Securing WordPress

Let me start by saying WordPress is an extremely secure platform and is in fact exploited due to poorly written 3rd party plugins and uneducated WordPress users. This is a brief overview of the things you can do to detect issues with your WordPress site and how to secure it.

There is a large spread attack happening across the Internet aimed towards WordPress at the moment (14/04/2013). The series of online attacks designed to break into poorly-secured WordPress blogs is fuelling the growth of an unusually powerful botnet currently made up of more than 90,000 Web servers. This attack is using a typical brute force attack against passwords.

Every attack against a computer system starts with reconnaissance which is the gathering of as much information as possible against the target. In terms of WordPress security, Information from the Whois database and data exposed fron the website itself is extremely useful.

Tools like wp-scan allow you to find out what plugins are running on the WordPress installation and the names of the users on that system. With this information you have already lost half the battle. I urge you to download and install wp-scan. It’s simple to use but extremely powerful. It alerts you of any vulnerable plugins and if this occurs, you should instantly disable those plugins. The chances are it will also display one or more usernames, if you have your username as admin, please open a new tab, login to your WordPress site and rename your admin user then come back and carry on reading.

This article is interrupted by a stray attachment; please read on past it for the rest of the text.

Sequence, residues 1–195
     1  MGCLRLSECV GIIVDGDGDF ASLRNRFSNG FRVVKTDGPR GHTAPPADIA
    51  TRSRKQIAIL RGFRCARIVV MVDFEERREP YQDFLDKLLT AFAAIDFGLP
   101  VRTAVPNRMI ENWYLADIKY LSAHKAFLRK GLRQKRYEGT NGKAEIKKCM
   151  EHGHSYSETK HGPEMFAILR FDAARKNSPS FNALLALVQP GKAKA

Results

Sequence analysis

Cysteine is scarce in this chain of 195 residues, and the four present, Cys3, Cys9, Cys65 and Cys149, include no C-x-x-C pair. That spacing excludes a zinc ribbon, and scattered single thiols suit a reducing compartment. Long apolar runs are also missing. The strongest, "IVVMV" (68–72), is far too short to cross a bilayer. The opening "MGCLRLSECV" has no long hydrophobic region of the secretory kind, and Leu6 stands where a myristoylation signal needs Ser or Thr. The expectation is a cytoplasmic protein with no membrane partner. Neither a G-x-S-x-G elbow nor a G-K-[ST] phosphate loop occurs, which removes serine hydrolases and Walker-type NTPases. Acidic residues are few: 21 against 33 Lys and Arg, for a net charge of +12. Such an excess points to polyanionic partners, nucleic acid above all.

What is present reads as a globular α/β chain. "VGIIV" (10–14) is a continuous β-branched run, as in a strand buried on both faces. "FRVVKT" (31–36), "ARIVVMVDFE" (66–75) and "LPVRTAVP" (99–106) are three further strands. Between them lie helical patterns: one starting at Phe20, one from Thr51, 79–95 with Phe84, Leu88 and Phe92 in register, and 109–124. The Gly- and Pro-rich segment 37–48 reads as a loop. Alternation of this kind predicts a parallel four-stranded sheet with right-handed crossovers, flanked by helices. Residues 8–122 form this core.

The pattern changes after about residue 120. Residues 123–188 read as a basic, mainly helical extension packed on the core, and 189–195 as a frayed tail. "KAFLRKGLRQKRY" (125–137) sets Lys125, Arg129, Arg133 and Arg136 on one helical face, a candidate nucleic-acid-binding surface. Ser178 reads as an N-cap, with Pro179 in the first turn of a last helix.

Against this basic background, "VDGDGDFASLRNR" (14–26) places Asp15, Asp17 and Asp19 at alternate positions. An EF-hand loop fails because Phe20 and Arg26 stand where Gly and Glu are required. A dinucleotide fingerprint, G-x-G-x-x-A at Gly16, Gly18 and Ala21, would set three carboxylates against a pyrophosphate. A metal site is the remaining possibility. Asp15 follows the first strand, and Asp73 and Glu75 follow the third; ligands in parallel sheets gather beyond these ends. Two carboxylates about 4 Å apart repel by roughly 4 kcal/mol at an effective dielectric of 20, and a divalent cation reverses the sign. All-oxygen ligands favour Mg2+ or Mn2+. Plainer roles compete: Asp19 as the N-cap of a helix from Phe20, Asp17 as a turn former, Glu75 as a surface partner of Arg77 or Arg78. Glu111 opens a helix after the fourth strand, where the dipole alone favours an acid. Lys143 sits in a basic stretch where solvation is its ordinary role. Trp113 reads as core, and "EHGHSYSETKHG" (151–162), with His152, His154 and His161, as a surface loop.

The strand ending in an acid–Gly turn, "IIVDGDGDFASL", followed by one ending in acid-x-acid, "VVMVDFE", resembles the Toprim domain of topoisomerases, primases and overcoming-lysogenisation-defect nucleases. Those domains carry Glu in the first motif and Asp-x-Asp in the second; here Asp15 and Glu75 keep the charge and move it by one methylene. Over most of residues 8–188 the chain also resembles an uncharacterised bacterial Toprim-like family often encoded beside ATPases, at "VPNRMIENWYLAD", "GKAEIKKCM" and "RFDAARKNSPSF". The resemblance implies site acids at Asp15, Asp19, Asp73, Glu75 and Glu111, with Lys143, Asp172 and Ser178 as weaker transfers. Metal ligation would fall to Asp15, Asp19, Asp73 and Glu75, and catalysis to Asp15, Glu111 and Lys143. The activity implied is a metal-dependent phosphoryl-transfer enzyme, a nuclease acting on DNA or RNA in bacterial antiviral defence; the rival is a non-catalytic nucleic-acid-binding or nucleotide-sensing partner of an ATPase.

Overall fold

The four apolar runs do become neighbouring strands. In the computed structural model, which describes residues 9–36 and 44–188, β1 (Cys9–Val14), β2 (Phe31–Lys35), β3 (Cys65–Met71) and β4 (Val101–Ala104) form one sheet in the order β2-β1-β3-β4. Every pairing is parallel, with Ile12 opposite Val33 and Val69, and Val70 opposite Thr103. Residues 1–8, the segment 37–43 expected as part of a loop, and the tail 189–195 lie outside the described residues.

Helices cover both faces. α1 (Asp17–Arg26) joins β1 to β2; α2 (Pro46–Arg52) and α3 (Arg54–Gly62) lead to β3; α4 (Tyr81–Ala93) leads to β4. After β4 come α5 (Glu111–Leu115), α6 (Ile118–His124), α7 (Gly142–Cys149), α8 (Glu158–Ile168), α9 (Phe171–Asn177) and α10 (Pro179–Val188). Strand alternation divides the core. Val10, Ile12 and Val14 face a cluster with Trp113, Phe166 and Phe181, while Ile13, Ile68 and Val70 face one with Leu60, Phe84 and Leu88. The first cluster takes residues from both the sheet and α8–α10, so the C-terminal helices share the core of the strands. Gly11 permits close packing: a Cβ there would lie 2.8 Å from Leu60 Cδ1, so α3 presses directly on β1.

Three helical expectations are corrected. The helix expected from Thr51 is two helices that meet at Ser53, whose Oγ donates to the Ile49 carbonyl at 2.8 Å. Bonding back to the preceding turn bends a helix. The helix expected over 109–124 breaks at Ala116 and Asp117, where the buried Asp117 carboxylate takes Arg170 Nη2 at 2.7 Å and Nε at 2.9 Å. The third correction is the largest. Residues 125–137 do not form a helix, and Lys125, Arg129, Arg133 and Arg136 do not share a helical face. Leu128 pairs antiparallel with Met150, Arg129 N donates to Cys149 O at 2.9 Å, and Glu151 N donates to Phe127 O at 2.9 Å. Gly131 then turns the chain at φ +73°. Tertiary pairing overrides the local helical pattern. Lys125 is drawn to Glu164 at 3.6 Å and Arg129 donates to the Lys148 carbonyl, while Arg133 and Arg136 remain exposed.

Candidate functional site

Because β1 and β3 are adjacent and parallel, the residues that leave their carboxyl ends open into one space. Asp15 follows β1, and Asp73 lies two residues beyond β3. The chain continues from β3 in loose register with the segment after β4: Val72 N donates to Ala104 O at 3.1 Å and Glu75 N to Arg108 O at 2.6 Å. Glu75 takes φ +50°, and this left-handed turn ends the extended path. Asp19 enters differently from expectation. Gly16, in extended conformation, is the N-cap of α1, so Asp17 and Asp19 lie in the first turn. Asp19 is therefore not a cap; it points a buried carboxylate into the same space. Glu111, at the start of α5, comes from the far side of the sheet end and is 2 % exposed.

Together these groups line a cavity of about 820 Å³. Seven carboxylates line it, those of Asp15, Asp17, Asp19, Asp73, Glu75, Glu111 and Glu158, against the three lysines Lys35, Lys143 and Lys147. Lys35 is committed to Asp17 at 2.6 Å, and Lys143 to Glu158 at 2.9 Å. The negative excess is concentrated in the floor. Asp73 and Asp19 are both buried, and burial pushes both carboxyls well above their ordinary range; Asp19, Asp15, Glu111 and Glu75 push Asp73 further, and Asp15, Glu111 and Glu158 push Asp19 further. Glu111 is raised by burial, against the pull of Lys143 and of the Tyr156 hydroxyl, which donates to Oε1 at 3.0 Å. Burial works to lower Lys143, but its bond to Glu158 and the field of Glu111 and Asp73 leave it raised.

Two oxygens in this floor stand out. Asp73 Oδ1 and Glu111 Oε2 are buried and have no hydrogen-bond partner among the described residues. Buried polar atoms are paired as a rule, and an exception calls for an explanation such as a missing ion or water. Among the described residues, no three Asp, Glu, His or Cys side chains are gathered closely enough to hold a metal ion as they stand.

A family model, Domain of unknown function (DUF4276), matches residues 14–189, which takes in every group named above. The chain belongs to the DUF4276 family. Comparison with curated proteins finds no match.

If an attacker has a good password dictionary and you have a weak password, congratulations your website could be hacked. For password requirements you should read the security requirements specified on the WordPress website. You should also restrict access to the wp-admin section of your website to only allow access from specific IP addresses. If you want to go to extreme lengths you can also take advantage of a third-party plugin from Duo Security, which enables one-time login codes sent via text message.

Now the way this attack works is from scanning domains for information such as strings like wp-content and wp-admin. If the bot finds a website with these strings present, it will simply spam the wp-login.php page with requests using the usernames found from tools like wp-scan and a password dictionary possibly using words from the website itself.

Tools like xHydra allow such attacks to be carried out. wp-scan and xHyrdra together are bad news for WordPress sites. To help reduce the risk of these tools, I urge you to download the wp-security plugin. You can configure the plugin to block an IP address from accessing your website if that IP address has multiple incorrect login attempts. It also allows you to rename the wp-content and wp-admin parts of the URL.

Why WEP Sucks !

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